Knowledgebase: Performance Tuning
Performance implications of Large Number of Range Indexes.
26 February 2020 06:59 PM


MarkLogic does not enforce a programmatic upper limit on How many indexes you *can* have. This leaves open the question of how many range indexes should be used in your application. The answer is that you should have as many as the application requires, but with the caveat that there are some infrastructure limits that should be taken into account. For instance:

1. More Memory Mapped file Handles (file fd)

OS has limits of how many file handles a given process can have at a given point in time. This limit, therefore, affects how many range index files, and therefore range indexes a given MarkLogic process can have; However, One could configure higher File Handle limits on most platforms (ulimit, vm.max_map_count).

2. More RAM requirement 

In-memory footprint of node involves In-memory structures like in-memory-list-cache, in-memory-tree-cache, in-memory-range index, in-memory-reverse-index (if-reverse-query-enabled) , in-memory-triple-index (if-triple-positions-enabled); multiply those with total number of forests + buffer.

A Large number of Range indexes can result in a huge index expansion in memory use. Also, values mentioned above are in addition to memory that would be required for MarkLogic Server to maintain its HTTP servers, perform merges, reindex, re-balance, as well as operations like processing queries, etc.

Tip: Memory consumption can be reduced by configuring a database to optimize range indexes for minimum memory usage (memory-size); Default is configured for maximum performance (facet-time). 

UI : Admin UI > Databases > {database-name} > Configure > range index optimize [facet-time or memory-size]

API : admin:database-set-range-index-optimize 

3. Longer Merge Times (Bigger stands due to Large index expansion)

Large number of Range Index ends up expanding data in forests. Now for a given host size and number of hosts- larger stand sizes in forest will make range index query faster; However it will also make merge times slower. If we want to make Queries and merges all fast with a large number of range indexes, we will need to scale out the number of physical hosts. 

4. More CPU, Disk & IO requirement 

Merges are IO intensive processes; this, combined with frequent updates/load could result in CPU as well as IO bottlenecks.

5. Longer Forest Mount times

In general, Each configured range index with data takes two memory mapped files per stand.

A typical busy host has on the order of 10 forests, each forest with on the order of 10 stands; So a typical busy host has on the order of 100 stands.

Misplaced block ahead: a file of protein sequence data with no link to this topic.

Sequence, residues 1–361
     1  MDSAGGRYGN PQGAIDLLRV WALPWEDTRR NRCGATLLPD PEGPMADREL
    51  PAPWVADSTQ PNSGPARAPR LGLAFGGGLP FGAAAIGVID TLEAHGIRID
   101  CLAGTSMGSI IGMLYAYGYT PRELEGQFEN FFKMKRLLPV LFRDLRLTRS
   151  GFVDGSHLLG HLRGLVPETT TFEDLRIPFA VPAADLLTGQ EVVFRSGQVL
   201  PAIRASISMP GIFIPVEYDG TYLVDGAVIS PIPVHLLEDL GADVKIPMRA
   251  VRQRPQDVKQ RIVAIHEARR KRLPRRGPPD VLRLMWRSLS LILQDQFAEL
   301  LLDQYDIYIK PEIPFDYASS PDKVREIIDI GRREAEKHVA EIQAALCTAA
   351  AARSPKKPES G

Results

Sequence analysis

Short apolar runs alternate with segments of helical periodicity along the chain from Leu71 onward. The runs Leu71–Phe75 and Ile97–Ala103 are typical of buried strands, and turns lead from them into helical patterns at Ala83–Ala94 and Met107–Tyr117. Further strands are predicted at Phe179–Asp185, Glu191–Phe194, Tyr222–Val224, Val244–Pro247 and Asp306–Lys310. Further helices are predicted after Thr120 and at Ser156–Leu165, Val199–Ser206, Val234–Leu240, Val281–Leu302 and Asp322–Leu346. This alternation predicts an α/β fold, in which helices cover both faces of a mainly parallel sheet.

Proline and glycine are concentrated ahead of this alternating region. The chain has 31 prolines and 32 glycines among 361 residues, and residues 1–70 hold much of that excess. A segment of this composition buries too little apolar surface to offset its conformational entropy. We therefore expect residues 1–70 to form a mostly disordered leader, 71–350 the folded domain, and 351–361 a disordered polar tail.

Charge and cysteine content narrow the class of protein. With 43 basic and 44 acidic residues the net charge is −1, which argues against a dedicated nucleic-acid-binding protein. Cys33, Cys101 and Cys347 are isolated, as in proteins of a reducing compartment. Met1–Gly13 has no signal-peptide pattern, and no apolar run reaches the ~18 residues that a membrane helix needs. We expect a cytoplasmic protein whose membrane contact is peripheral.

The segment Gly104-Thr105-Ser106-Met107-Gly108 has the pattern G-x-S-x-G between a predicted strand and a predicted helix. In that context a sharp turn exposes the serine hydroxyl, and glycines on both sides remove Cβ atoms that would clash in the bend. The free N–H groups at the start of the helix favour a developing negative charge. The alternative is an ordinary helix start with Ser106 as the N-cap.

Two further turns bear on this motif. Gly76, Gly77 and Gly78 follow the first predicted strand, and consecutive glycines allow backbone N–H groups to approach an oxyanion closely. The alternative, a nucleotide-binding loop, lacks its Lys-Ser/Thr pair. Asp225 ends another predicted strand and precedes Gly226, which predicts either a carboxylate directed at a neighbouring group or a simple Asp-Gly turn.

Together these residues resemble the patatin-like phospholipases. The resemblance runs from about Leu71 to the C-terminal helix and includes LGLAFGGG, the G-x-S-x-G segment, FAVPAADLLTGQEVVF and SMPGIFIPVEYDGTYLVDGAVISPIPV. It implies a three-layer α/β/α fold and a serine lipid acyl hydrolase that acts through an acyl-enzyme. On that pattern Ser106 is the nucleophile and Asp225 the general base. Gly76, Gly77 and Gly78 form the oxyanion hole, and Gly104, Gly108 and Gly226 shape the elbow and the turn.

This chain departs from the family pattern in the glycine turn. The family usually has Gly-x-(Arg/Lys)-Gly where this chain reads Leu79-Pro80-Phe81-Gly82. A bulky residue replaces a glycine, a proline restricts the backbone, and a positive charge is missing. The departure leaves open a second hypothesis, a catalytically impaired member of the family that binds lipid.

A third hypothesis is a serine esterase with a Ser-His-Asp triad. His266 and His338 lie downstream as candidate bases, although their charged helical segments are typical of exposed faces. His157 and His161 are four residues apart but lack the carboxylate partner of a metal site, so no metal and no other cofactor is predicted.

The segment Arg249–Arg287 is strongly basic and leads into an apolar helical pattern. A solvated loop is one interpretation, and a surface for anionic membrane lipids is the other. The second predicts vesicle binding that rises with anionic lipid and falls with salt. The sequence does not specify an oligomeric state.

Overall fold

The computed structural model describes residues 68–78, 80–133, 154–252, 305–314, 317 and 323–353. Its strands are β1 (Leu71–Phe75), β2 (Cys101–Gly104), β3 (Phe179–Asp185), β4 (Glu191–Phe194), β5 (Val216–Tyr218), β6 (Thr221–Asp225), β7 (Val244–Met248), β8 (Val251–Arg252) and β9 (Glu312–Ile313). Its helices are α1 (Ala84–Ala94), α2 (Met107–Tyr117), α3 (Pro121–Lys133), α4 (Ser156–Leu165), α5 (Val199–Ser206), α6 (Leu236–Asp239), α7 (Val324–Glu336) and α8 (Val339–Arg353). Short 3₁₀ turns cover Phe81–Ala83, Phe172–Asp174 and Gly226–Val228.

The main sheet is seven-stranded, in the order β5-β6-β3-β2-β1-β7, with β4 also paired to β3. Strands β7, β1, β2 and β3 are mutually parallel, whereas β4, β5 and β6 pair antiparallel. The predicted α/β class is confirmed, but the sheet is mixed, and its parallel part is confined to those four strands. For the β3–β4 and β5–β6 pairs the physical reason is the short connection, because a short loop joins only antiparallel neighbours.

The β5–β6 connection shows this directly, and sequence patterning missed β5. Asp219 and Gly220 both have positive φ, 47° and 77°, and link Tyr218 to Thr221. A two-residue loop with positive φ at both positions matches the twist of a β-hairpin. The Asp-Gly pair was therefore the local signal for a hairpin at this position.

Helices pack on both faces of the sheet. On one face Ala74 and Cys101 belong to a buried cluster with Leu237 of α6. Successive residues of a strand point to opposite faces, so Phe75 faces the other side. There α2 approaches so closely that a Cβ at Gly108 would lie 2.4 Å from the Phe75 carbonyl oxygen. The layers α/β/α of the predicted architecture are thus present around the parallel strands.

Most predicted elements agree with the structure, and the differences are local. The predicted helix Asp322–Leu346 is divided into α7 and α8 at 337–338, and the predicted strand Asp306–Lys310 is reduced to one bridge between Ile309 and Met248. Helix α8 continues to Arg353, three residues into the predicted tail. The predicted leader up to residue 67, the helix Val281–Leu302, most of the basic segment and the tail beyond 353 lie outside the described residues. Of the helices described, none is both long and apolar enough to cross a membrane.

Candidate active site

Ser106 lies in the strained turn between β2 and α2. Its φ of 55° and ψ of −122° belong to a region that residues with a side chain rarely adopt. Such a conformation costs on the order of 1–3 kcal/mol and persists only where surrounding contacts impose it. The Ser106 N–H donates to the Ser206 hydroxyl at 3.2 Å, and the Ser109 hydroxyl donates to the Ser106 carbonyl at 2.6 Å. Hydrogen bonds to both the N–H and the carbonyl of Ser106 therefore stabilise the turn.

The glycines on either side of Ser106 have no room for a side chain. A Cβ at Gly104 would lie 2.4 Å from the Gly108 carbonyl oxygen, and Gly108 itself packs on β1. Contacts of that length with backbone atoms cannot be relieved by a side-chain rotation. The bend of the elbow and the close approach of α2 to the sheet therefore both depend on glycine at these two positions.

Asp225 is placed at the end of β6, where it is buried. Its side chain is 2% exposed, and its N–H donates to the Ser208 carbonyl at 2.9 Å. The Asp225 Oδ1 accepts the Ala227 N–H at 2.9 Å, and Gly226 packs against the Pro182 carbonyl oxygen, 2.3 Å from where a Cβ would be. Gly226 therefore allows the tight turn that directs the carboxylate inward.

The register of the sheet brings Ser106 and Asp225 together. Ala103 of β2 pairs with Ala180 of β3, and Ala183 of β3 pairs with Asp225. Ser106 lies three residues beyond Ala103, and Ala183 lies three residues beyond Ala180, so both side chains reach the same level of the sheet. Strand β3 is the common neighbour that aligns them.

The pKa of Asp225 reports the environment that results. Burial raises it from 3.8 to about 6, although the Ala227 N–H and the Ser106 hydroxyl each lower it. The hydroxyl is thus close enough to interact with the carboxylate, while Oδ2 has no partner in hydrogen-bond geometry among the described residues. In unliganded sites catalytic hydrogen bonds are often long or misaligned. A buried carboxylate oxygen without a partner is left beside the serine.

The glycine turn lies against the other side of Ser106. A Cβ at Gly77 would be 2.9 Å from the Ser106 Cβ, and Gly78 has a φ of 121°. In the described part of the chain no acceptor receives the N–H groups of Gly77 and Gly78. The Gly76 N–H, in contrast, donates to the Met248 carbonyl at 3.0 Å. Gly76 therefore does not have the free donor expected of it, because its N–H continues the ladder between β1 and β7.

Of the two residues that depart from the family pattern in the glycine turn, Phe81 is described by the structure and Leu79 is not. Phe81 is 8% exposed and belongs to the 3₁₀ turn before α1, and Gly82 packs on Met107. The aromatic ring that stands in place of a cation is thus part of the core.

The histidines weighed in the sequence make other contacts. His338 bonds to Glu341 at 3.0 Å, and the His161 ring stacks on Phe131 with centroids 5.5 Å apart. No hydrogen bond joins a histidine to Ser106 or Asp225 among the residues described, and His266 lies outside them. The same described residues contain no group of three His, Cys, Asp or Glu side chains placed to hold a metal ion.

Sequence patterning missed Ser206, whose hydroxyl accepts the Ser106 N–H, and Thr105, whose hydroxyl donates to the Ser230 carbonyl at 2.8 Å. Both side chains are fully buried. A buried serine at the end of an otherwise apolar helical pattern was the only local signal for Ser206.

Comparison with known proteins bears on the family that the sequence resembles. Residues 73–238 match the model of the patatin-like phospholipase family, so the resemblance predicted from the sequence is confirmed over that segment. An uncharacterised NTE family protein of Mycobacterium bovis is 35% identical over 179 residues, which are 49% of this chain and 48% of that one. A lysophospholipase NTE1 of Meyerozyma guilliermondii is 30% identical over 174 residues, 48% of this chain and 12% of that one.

Now for 100 stands -

  • With 100 range indexes, we have in the order of 10,000 files to open and map when the server starts up.
  • While for 1,000 range indexes, we have in the order of 100,000 files to open and map when the server starts up.
  • While for 10,000 range indexes, we have in the order of 1,000,000 mapped files to open and map when the server starts up.

As we increase our range indexes, at some point of time, Server will take unreasonably long time to start up (unless we throw equivalent processing power).

The amount of time one is willing to wait for the server to start up is not a hard limit, but the question should be "what is 'reasonable' behavior for Server start-up in eyes of Server Admin based on current hardware."


Range Indexes in magnitude of a thousand starts affecting Performance if not managed properly and if above consideration are not accounted for; In most scenarios the solution to the problem is not about "How many indexes can we configure", but rather about "How many indexes do we need".

MarkLogic considers configured range index in the order of 100 as a “reasonable” limit, because it results in “reasonable” behaviors of the Server.

Tips for Best Performance for Solutions with lots of Range Indexes

Before launching your application, review the number of Range Indexes and work to 1) Remove ones that are not being used, and 2) Consolidate any range indexes that are mutually redundant. This will help you get under the prescribed 100 range index limit.

On systems that already have a large number of range indexes (say 100+), merging multiple stands may become a performance issue. Thus, you will need to think about easing the query and merge load, here are some strategies for easing the load on your system: 

  1. Increase merge-max-size from 32768 to 49152 on your database. This will create larger stands and will lower the number of merges that need to be performed.
  2. There is configuration setting "preload mapped data" (default false), by leaving it as false, it will speed up merging of forest stands. Bear in mind that this will come at the cost of slower query performance immediately after forest mounts.
  3. If your system begins to slow down due to merging activity, you can spread the load by adding more hosts & forests to your cluster. The smaller forests and stands will merge and load faster when there are more CPU cores and IO bandwidth to service them.

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